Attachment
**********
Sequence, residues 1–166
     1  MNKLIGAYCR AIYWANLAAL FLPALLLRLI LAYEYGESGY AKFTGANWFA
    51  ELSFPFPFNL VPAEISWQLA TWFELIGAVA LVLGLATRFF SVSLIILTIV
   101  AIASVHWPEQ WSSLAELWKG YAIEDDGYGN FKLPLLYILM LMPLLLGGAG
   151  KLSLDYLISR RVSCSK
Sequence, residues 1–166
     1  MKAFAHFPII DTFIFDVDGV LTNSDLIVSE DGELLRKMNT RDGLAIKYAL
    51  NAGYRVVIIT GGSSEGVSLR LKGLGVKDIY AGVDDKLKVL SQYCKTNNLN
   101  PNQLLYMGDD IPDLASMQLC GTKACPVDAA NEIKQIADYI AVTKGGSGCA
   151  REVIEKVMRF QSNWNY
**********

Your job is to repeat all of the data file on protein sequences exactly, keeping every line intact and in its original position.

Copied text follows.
Sequence, residues 1–166
     1  MNKLIGAYCR AIYWANLAAL FLPALLLRLI LAYEYGESGY AKFTGANWFA
    51  ELSFPFPFNL VPAEISWQLA TWFELIGAVA LVLGLATRFF SVSLIILTIV
   101  AIASVHWPEQ WSSLAELWKG YAIEDDGYGN FKLPLLYILM LMPLLLGGAG
   151  KLSLDYLISR RVSCSK
Sequence, residues 1–166
     1  MKAFAHFPII DTFIFDVDGV LTNSDLIVSE DGELLRKMNT RDGLAIKYAL
    51  NAGYRVVIIT GGSSEGVSLR LKGLGVKDIY AGVDDKLKVL SQYCKTNNLN
   101  PNQLLYMGDD IPDLASMQLC GTKACPVDAA NEIKQIADYI AVTKGGSGCA
   151  REVIEKVMRF QSNWNY